Home > Flashcards > Print Preview
The flashcards below were created by user
on FreezingBlue Flashcards. What would you like to do?
- The liberalization clause applies when
- (1) the insurer makes a change that expands coverage under the policy form without charging an additional premium and
- (2) the change is put into effect shortly before a policy's effective date or during the policy term.
A policy limit is also known as a limit of insurance or a limit of liability. A policy limit is the maximum amount an insurer will pay for a covered loss.
A deductible is the part of a covered loss that the insurer does not pay. A specified portion of every covered loss will be deducted (subtracted) from the amount the insurer would otherwise pay.
The coinsurance provision "requires" the insured to buy a limit of insurance that is at least equal to a specified percentage of the full insurable value of the covered property. The coinsurance clause reduces the amount of recovery only in partial loss situations. For a total loss, the policy would pay the total limit of insurance applicable to that property.
Restoration of Limits
- When a scheduled item has been lost or destroyed, there is nothing left to insure. After insured property is destroyed, and an insurer indemnifies the insured, what happens to the insurance? Many property policies include a restoration of limits provision that answers this question.
- Three approaches are common. Some policies state that the limits are restored after a loss is paid, and some state exactly the opposite—that paying a loss does not reduce the policy limits. With others, however, after the insurer pays a total loss, coverage ceases and the insurer returns any unearned premium. The first approach is called restoration of limits, and it is most advantageous to insureds.
Vacancy or Unoccupancy
The wording in many property insurance policies limits, reduces, or entirely eliminates coverage when a building has been vacant (or, in some forms, vacant or unoccupied) for a designated period of time such as 45 or 60 days.
Per Occurrance Limit
A per occurrence limitation of liability provision establishes the maximum amount the insurer will pay for all claims resulting from a single occurrence, no matter how many people are injured, how much property is damaged, or how many different claimants may make claims.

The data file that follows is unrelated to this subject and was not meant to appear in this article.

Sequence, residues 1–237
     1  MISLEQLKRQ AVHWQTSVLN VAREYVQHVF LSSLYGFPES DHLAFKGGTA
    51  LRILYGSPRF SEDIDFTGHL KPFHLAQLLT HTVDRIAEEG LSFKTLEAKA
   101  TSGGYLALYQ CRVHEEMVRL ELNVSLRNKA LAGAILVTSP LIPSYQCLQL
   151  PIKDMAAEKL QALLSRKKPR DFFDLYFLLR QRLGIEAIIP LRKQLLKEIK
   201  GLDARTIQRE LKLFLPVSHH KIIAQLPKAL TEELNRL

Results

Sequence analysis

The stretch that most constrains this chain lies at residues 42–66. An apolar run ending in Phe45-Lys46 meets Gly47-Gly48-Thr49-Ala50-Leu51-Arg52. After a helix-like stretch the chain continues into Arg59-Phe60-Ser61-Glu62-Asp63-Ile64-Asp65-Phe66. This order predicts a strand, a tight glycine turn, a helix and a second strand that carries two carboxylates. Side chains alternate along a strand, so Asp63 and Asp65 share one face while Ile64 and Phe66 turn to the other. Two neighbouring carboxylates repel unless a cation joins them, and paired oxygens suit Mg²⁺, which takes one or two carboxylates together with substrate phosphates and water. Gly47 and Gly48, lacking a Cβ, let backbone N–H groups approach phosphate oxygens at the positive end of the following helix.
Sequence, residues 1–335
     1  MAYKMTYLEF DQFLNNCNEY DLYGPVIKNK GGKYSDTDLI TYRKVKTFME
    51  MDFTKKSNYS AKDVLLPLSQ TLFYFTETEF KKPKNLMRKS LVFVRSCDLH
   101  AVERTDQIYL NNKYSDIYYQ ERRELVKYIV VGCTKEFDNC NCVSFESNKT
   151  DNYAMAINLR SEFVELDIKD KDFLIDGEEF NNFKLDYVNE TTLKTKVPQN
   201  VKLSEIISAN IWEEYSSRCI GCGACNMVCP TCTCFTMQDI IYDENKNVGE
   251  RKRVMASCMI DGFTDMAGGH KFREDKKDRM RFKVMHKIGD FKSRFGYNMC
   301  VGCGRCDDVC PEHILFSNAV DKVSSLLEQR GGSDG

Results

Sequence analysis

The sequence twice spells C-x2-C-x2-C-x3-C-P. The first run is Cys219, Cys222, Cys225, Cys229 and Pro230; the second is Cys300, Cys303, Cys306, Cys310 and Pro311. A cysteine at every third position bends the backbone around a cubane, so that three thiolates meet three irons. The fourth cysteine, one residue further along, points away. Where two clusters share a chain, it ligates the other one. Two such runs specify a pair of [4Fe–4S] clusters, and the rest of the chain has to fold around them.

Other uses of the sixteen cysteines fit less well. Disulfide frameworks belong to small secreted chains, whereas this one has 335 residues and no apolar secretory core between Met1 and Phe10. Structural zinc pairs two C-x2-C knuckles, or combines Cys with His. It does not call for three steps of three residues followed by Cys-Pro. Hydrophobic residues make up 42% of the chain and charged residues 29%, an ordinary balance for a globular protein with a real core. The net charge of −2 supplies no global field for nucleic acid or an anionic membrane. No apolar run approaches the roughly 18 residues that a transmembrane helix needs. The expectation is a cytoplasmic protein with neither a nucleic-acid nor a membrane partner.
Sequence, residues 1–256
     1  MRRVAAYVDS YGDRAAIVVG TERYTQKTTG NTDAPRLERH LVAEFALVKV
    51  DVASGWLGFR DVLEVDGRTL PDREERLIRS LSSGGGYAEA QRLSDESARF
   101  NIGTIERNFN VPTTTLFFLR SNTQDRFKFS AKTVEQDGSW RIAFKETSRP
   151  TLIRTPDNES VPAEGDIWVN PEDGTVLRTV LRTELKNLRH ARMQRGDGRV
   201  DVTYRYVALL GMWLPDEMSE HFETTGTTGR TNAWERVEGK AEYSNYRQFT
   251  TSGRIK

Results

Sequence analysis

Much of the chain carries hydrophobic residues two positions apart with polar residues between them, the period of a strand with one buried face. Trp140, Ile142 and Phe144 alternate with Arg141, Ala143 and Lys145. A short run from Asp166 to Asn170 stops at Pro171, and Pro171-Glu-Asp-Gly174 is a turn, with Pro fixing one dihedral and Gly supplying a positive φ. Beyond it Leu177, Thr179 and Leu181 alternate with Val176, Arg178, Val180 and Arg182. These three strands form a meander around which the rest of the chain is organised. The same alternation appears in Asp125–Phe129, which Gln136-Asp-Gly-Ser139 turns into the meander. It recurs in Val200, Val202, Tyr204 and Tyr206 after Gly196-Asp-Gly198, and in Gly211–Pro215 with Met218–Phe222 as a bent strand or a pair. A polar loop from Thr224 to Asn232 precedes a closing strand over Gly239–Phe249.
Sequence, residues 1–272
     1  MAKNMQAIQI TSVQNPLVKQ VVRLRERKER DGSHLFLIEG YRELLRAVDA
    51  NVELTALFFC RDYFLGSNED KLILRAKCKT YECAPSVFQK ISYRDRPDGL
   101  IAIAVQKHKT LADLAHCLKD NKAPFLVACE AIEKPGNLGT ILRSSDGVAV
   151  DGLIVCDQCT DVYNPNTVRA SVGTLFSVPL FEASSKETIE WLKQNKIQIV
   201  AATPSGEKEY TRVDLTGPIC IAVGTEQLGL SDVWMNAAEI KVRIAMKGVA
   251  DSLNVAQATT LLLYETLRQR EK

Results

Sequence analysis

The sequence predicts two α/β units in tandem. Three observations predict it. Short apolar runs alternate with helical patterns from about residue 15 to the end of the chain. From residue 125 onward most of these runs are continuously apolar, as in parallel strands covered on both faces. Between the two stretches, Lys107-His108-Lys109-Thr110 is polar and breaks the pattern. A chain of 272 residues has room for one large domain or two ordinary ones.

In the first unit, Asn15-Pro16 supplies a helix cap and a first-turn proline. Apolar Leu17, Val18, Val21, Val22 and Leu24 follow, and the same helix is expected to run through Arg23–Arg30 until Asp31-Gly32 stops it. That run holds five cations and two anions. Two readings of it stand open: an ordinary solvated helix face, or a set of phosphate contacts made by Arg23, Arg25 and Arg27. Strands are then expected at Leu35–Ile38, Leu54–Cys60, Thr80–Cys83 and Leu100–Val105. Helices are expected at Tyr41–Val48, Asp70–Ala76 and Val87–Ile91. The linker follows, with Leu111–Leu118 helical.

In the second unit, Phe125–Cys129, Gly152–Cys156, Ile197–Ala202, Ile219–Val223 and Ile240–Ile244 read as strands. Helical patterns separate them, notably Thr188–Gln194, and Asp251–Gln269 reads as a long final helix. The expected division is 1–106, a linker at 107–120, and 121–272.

Per Person Limit
A per person limit is, as you might guess, the maximum amount the insurer will pay for one person's injuries.
- Many auto insurance policies use the split limits approach, which combines the per person and the per occurrence approach. With split limits, three separate dollar amounts apply to each accident.
- The first limit is a per person limit: the maximum amount that will be paid to any one injured person.
- The second limit is a per occurrence limit: the maximum amount that will be paid to all injured persons.
- The third limit is a per occurrence limit that applies to property damage claims; this is the maximum amount that the insurer will pay for damage to other cars or property resulting from the accident.
Combined Single Limits
The combined single limits approach simply states a single dollar limit that applies to any combination of bodily injury and property damage liability claims.
Aggregate limit of liability is the maximum amount the insurer will pay for all applicable claims during the policy period—usually one year.
Property Loss Conditions
Property insurance covers accidental losses to the insured's own property. If a loss is covered by the insurance policy, the insurer makes its claim payment directly to the insured.
Liability Loss Conditions
Liability insurance, on the other hand, covers accidental losses when the insured is legally responsible (liable) for injury to someone else or damage to another's property. If the loss is covered, the insurer's payment is made directly to the claimant who suffered the loss.
Subrogation refers to the insurer's right to recover its claim payment from the party that was responsible for the loss.
When two or more insurance policies cover the same loss exposure, they should preferably be concurrent—cover the same losses and have the same inception and expiration dates.Nonconcurrency occurs when this is not the case.